Researchers from Caltech and the Howard Hughes Medical Institute have identified fruit fly neurons that are related to the animal’s sensing of wind conditions. Because unique neurons were identified within a section of the fly’s brain that was thought to have been used for hearing, it is believed that sensory mechanisms are activated depending on which neurons fire rather than the pattern of neuron activations.
HHMI investigator David Anderson became curious about how flies sense wind during a mini-sabbatical from his California Institute of Technology lab in 2003, when he was learning how to use a tube-like device to deliver alcohol vapors to excite Drosophila melanogaster flies. He noticed that the stream of air coming from the tube was enough to stop the flies from walking. The flies resumed walking when he stopped the stream of air.
The behavior was remarkably consistent, but no one in the lab had noticed it before because alcohol excites flies and this had masked their response to the wind. Puzzled by the observation, Anderson searched for relevant articles in the scientific literature to see if anyone else had described this phenomenon. His search turned up only a few papers published decades ago that described this type of behavior in wild Drosophila flies in Hawaii.
In a new study published March 11, 2009, in the journal Nature, Anderson and colleagues have come one step closer to determining how WISL works. Using new genetic tools, they determined that wind-sensing neurons reside in the Johnston’s organ—a hearing organ in the fly’s antenna. What’s more, the Johnston’s organ contains specific cells designated to detect wind and different cells to detect sound.
“Behavioral responses to wind are thought to have a critical role in controlling the dispersal and population genetics of wild Drosophila species, as well as their navigation in flight,” Anderson says. “But the underlying neurobiological basis of these behaviors is unknown.”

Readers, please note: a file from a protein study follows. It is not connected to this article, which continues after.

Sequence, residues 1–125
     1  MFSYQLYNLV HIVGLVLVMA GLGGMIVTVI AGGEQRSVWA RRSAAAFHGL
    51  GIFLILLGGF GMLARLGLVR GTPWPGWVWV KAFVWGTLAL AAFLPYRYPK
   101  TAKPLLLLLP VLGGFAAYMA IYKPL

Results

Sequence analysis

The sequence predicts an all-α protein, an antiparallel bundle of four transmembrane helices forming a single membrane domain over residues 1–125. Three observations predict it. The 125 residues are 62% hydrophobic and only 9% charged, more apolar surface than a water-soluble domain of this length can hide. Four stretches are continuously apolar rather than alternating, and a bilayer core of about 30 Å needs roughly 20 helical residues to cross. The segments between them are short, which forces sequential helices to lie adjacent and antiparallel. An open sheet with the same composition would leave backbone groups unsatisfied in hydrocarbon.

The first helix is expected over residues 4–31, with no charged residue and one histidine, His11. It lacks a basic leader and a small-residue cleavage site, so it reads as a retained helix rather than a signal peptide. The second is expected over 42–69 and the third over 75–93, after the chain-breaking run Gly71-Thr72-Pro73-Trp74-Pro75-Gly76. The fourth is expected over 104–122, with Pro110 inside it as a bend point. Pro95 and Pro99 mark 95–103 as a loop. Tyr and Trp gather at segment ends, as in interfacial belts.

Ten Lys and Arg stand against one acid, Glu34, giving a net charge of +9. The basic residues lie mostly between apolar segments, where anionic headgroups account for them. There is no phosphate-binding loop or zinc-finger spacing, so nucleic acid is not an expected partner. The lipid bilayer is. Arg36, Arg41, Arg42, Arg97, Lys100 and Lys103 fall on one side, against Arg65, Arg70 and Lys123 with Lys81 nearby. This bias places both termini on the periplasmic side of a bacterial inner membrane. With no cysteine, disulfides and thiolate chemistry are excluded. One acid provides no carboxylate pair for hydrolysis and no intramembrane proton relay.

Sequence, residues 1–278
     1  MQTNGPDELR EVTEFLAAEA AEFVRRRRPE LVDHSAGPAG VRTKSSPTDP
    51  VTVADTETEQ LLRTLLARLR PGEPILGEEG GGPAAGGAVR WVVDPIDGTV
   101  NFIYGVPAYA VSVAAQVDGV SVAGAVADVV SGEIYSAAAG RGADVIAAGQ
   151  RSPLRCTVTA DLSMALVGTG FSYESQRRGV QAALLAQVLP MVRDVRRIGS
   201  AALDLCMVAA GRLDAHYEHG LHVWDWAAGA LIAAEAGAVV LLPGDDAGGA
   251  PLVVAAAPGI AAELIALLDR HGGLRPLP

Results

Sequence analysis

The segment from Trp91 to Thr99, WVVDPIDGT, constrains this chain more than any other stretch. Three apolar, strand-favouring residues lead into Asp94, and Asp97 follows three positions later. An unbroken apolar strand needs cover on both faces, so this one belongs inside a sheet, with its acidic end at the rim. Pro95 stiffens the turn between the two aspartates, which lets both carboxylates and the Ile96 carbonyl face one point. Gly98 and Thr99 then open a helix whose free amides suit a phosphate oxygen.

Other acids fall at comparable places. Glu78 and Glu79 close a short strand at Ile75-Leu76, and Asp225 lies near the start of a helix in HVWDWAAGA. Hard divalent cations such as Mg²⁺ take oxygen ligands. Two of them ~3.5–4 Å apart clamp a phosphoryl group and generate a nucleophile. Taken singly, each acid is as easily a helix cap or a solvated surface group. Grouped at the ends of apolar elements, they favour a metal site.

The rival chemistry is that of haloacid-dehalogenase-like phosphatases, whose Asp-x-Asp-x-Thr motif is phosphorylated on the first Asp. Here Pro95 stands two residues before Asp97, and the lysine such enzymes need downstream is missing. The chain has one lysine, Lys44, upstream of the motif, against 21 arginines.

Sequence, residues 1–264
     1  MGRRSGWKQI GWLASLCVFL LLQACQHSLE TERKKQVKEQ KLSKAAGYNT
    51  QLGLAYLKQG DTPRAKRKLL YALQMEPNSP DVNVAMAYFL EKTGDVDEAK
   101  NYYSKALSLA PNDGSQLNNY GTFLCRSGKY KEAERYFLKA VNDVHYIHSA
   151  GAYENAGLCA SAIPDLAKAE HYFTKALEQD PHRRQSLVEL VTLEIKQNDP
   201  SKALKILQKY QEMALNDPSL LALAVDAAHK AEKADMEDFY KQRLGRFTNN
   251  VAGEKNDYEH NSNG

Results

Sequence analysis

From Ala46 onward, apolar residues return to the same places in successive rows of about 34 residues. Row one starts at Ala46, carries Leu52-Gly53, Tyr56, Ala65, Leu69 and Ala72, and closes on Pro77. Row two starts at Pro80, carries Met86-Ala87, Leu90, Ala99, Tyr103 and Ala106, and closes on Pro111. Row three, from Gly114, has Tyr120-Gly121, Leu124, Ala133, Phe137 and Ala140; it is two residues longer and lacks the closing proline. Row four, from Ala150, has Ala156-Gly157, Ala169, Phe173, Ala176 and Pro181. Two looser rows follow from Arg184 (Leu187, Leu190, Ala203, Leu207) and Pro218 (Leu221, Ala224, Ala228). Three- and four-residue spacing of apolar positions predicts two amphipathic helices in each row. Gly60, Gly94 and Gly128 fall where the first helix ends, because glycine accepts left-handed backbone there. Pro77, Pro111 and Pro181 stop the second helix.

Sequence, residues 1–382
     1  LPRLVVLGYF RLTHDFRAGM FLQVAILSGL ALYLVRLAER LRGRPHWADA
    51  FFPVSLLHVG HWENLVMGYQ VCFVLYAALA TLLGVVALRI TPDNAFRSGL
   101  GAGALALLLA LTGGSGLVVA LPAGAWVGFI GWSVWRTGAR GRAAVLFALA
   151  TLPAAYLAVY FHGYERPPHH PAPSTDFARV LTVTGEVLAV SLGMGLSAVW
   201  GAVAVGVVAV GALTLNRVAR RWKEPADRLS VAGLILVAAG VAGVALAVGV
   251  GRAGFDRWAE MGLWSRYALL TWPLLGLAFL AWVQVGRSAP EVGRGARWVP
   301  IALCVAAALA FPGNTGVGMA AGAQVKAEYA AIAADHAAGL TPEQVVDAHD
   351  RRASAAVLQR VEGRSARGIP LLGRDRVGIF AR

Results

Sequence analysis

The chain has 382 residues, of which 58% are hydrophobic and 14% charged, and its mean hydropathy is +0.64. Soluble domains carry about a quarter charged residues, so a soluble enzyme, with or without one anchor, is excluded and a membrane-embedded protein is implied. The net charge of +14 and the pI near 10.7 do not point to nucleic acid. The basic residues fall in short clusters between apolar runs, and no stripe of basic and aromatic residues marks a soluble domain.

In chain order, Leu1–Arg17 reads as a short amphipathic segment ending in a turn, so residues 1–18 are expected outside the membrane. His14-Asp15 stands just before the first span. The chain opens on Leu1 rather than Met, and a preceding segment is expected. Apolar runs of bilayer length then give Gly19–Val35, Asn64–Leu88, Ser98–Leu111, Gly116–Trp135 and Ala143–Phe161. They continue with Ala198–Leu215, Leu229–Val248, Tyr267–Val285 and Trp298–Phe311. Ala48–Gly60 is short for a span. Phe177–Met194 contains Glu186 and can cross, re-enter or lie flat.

The study is the first to demonstrate that Johnston’s organ is directly involved in wind sensing. During earlier experiments, Anderson began to suspect that the organ was involved because when his graduate student Suzuko Yorozu glued the flies’ antennae to their heads or removed segments of the antennae, they stopped responding to wind.
Those observations suggested to Anderson and Yorozu that the flies were either detecting wind using the sensory hairs on their antennae, or using a specific structure in the antennae that senses movement. Yorozu next used genetic techniques to interfere with the function of cells in Johnston’s organ, which is the only known structure in the fly’s antennae. Those genetically manipulated flies could not respond to wind, suggesting that the organ itself is important for wind detection.
Since Johnston’s organ senses both sound and wind, the researchers next asked whether it could tell the two signals apart. With the help of scientists from the University of Tokyo, Yorozu developed flies with genetic alterations that allowed her to visualize the activation of specific groups of neurons using fluorescent proteins. To watch these neurons in a living fly, she cut away a tiny piece of the cuticle that encases the brain.
Looking through this “window” underneath a microscope, Yorozu was able to see which neurons lit up when she exposed a female fly to a stream of air or played the fly a love song – a chirpy mating sound. A bright glow from the neurons indicated that they were receiving a strong activation signal.
Not only did distinct groups of neurons light up for sound and wind, but separate groups of neurons lit up when the air stream came from different directions — either straight-on or at the side of the fly’s head.
Check out this amusing video of wind activated fruit flies:
Press release: Special Neurons Help Flies Sense the Wind
Research abstract: Neural Circuits for Innate, “Emotional” Behaviors in Flies and MiceAbstract in Nature…
Image: Mrgprd axons (green/yellow) represent a subset of all nerve fibers (red) in the skin.